For Sorensen, most overtly in the Boat series, the creative goal is to forge the inner and outer forms – the spiritual “sacred center,” private and personal, and the toughened outer core with its scars and thickened skin – into a balanced vessel that can transcend the mortal, that can make life’s sometimes perilous, sometimes smooth journey. The direction taken by the Boat is uncertain, however stout and firm its surface or how sensitive its core; unlike the related but static Ledges series, the Boat can move backward or forward, casting shadows or moving into the light.
The Ledges, massive half-vessels that jut from gallery walls like hollow, unstable natural formations, express a sense of precariousness that goes beyond that of the Boats, yet at the same time offer handholds, projections which a climber might grasp to pull up a steep slope. They retain the vessel shape, and ironically suggest that they continue into the gallery wall – whether only one deeply scored, rippled ridge is mounted on the gallery wall or a grouping, only a small part of the structure’s resistant stone is visible, and the Ledge will remain solid.
Ironically, that same sense of security and permanence pervades Sorensen’s recent series, the enameled metal Dwellings. Lacy, almost completely minimal or eroded versions of her earlier series, the sculptures that rest on gallery floors, hang alone or in multiples on walls or revolve on pedestals in shiny reds, yellows, blues or black, represent a major leap forward for Sorensen, rather than a departure. Like her other series, most inspired by features of the landscape, the metal sculptures sprang from the artist’s experience. While traveling, she was open to influences from a wide variety of sources – in this case, primitive fishing nets. Their shape, a tubular design woven into an elongated sack, moved her vessel forms forward in a surprising way; the net retained the essential concept, reducing it to its simplest elements while expanding its potential.
Gone are the earthen walls and the tensions between thickly folded walls and the eroded, encrusted bands that underlay the Shields’ geometric ornament or the sleek golden polish inside the rough Chalice. The artist’s touch remains, in miniature, at each welded joint between slender, hollow metal tubes. However, the Dwellings are, in a very literal sense, more reflective than Sorensen’s earlier iterations of her central aesthetic: Those slender tubes capture every passing shadow, changing in response to an approaching viewer and even, in natural light, to the passing of time as their shadows lengthen and contract in response to nature’s rhythms. Each has an opening, an inviting portal that draws the eye into the Dwellings’ interior – or, as there are no longer walls, no more intensely worked earthy enveloping walls – into an implied space that is open to the world.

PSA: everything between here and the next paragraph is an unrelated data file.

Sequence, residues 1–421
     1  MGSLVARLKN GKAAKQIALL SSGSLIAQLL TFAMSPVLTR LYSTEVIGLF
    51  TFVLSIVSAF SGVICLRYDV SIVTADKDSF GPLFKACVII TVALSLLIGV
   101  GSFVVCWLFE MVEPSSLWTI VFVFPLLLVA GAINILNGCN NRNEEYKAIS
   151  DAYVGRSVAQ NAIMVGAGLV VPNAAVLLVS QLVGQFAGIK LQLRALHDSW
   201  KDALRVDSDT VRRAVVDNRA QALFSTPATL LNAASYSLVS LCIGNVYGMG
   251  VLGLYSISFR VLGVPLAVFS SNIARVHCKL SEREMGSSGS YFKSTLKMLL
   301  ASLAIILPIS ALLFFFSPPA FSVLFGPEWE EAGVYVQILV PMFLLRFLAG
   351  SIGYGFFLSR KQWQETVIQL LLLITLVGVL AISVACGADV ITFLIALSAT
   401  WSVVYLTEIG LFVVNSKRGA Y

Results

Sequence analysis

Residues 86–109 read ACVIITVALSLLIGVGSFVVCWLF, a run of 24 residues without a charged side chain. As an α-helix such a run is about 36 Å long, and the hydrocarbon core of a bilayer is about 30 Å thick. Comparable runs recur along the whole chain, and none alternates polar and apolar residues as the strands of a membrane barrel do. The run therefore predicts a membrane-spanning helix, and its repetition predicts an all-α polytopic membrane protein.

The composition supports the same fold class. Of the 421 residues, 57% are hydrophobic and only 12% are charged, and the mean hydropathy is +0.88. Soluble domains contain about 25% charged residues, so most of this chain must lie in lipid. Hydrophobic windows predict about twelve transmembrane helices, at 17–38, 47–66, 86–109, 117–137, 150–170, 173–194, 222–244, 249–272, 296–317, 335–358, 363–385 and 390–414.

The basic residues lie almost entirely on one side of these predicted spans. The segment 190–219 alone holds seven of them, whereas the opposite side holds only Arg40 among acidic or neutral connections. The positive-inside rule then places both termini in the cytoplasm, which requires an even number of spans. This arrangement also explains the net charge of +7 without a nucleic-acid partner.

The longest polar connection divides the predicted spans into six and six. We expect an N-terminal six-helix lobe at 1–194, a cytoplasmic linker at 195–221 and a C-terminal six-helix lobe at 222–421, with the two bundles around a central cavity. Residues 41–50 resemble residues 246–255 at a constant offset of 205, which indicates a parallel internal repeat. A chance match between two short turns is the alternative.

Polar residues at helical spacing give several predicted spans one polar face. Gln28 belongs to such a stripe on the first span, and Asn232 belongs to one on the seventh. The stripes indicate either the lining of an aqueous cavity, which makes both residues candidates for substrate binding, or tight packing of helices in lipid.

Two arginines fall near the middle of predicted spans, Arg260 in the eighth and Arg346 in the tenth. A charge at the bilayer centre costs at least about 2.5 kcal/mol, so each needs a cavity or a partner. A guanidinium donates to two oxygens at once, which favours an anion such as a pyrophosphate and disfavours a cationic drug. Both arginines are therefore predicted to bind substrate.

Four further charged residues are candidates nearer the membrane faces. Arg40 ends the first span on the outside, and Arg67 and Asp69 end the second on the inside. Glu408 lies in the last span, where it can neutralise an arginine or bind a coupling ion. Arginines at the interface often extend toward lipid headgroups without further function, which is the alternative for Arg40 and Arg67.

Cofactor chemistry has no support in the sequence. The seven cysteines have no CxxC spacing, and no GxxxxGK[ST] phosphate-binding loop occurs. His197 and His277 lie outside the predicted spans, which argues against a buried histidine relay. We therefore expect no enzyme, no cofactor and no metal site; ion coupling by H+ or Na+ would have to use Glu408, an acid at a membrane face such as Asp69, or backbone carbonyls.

Dwellings, remarkably, restate Sorensen’s major themes in a lighter, livelier and more playful fashion, as do her equally elegant and assured new works on paper. Her monotypes and encaustics suggest spiritual versions of Foothills, abstractions of monumental earth forms. Rather than the muscular, tactile qualities that make her Chalices, Goddesses, Boats and other clay sculptures so hard to resist physically, so lusciously textured and toned, Dwellings and the new works on paper invite an equally immediate response, but one that is more spiritual, more centered in the intellect and thus more abstract. That should come as no surprise in the oeuvre of an artist as focused, disciplined and mediumistic as Sorensen. From the day she walked into Reitz’s Madison studio, she has worked to balance the basics of art and life and to erase in a personal but thoroughly modern approach the line that divides them.
Watching this mature artist at the very top of her talents and field grow and evolve will be compelling – Sorensen is open to fresh approaches, new materials and the most inspiring and subtle influences. Her work consistently has sprung from her central concern for the Earth, its endless variations and permutations, her abiding respect for its materials, generative and eroding forms and its immense forces, past and present and future. She has moved forward continually, to express herself in new ways, to state and restate her core beliefs, and even to even turn them upside down; a modernist with a strong sense of the whole panorama of art, she has grown increasing free in the ways she sees, evaluates, formulates and, instinctively, makes her art. In her most recent body of work, Sorensen sharpened her focus, paring all extraneous material away and reaching, provocatively, toward a personal, and highly resonant, abstraction.
Laura Stewart, Writer and Art Historian